According to data from Crypto Fund Research, Majestic Asset Management comes in as the best-performing crypto fund overall in Q2 2022, followed by Q21 Capital and Balmoral Digital.

While most private crypto VC funds are tight-lipped about their returns, some public VC funds will post the performance of their funds online, and others will only release performance information to participants.

Some of the most successful crypto VC funds can dramatically outperform even the best traditional venture funds. Pantera Capital's Venture Fund III, for example, achieved a Total Value Paid In (TVPI) of 8.6x and an Internal Rate of Return (IRR) of 143.7%. While its Venture Fund I (launched in 2013) generated a TVPI of 20.7x.

But they’re not without their risks. Several crypto VC funds have gone bust over the last year, including the 3AC, which lost approximately $3 billion between 2021 and 2021 due to its failed investments in the Terra ecosystem.

Investors that participate in failed funds can experience complete or near-complete losses.

Alternatives to Crypto Funds

As we previously touched on, cryptocurrency funds can be incredibly efficient and profitable, but also come with their own set of risks and limitations — as was highlighted by the recent Digital Currency Group fiasco. Fortunately, there are a number of alternative investment vehicles, many of which rival the potential of cryptocurrency funds while providing a number of unique benefits.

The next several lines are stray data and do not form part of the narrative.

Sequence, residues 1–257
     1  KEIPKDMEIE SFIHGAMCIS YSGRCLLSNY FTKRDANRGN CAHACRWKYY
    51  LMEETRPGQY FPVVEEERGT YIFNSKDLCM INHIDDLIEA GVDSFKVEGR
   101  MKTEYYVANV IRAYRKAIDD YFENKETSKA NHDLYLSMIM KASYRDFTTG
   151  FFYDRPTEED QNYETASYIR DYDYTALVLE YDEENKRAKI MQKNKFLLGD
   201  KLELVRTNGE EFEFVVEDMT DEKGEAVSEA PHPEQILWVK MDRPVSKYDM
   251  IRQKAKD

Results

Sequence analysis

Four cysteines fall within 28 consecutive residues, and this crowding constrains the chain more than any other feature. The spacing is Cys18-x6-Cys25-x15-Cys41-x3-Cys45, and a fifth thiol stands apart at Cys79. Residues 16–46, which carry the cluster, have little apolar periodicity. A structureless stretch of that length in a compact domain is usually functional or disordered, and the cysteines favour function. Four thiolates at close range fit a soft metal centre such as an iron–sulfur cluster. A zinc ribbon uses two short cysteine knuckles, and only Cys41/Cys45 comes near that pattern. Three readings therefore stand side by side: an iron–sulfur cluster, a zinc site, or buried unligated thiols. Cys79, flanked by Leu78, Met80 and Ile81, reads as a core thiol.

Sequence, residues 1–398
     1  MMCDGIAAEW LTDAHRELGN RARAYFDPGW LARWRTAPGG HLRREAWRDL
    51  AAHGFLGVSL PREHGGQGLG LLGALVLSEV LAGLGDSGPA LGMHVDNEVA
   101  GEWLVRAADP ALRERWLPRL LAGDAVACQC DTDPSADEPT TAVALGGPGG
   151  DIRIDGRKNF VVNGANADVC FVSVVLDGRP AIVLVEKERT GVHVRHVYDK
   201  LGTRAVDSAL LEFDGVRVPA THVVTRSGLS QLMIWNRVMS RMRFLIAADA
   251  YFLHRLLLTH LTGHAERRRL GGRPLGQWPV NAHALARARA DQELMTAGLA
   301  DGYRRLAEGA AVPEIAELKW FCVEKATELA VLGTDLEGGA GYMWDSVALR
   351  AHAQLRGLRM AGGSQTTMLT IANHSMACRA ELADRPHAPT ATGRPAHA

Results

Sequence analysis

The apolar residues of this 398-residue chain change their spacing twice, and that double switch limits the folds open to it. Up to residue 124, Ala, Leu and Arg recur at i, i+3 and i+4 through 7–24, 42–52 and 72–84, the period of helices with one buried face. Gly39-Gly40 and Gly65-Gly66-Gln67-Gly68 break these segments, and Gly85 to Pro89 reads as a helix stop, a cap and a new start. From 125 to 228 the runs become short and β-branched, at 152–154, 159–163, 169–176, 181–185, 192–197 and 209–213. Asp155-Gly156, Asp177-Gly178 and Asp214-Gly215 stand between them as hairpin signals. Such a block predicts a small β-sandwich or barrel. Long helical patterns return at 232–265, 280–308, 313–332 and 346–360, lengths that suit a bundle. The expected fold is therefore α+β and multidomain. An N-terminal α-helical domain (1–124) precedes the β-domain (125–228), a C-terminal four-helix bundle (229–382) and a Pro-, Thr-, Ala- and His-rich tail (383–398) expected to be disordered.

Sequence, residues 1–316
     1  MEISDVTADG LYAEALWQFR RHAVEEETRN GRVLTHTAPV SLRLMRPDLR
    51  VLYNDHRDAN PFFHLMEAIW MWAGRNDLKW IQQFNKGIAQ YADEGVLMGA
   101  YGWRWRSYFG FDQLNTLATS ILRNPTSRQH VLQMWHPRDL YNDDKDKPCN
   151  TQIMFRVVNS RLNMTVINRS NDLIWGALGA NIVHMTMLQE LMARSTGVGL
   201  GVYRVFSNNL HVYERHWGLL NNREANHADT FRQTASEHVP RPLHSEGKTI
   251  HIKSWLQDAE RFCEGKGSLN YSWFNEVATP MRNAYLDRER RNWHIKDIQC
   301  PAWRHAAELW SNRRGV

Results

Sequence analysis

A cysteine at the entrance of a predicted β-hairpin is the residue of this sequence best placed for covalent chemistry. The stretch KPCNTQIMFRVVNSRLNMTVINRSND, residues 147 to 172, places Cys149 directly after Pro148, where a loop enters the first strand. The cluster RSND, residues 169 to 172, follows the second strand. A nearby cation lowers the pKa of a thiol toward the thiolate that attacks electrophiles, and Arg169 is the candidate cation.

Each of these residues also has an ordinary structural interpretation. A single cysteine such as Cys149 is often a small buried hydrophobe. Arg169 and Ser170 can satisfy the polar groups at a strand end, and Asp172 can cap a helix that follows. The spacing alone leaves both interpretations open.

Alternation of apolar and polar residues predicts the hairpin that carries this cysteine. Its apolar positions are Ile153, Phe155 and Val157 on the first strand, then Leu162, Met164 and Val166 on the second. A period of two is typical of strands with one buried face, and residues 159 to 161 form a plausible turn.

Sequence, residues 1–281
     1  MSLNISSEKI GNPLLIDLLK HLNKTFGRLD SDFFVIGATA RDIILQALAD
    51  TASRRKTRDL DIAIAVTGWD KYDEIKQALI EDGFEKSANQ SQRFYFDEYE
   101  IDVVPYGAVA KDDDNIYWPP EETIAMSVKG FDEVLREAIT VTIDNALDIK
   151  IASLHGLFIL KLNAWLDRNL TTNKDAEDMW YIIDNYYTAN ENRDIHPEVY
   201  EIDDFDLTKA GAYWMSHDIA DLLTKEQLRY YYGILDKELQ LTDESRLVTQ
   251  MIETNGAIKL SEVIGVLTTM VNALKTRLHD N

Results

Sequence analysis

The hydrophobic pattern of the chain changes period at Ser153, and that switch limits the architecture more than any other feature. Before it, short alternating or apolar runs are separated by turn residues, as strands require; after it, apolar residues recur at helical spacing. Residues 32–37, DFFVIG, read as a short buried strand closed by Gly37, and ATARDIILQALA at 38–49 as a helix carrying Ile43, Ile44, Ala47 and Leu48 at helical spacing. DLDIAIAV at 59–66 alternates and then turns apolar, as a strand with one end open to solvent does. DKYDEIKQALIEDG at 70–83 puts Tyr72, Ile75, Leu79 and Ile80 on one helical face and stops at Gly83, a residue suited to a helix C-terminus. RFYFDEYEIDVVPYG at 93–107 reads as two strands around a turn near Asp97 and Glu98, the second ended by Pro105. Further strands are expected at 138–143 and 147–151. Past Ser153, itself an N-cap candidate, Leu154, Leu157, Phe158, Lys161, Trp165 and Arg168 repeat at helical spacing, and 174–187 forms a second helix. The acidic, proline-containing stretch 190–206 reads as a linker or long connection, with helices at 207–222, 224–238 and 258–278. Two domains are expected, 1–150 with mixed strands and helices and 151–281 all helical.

Arguably the most prominent of these is the tokenized index funds. These generally provide exposure to a range of digital assets in a single investment vehicle. The Crypto20 (C20) token, for example, provides exposure to the top 20 cryptocurrencies by market capitalization, whereas the Total Crypto Market Cap Token Price (TCAP) token tracks the total market cap of all cryptocurrencies. These provide holders with the control to buy and sell the asset at their convenience, without any early exit or withdrawal fees. It should be noted that most of these tokens suffer from limited liquidity.
There are also regulated tokenized index funds that provide exposure to traditional markets. This includes SPDR S&P 500 ETF tokenized stock FTX (SPY) — but these are typically considered securities.

Actively Managed Certificates (AMCs) are also growing in popularity in the crypto space since they allow firms to raise funds for and deploy capital into a wide variety of underlying assets quickly and efficiently.

Having achieved a TVPI of 14.1x and IRR of 113.3% with its venture arm, DAO Maker — a popular blockchain venture fundraising launchpad — is currently in the process of raising ~$25 million from qualified investors for its AMC. whereas Levmi, iMAPS ETI AG, Zeltner & Co, and a growing number of other firms also offer crypto-focused AMCs.